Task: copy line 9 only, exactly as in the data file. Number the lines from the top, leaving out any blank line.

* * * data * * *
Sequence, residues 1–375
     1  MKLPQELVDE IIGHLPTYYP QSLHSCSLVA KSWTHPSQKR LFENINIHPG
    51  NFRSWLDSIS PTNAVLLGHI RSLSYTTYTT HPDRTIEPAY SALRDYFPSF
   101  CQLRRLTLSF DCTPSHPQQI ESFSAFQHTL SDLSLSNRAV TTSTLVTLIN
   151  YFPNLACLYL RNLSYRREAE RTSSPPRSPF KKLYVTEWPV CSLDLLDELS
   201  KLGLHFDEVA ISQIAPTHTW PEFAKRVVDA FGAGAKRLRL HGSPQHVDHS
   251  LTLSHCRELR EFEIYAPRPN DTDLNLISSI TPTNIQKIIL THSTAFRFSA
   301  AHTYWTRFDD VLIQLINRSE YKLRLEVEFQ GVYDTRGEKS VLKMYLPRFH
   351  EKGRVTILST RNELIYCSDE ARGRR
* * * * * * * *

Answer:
   351  EKGRVTILST RNELIYCSDE ARGRR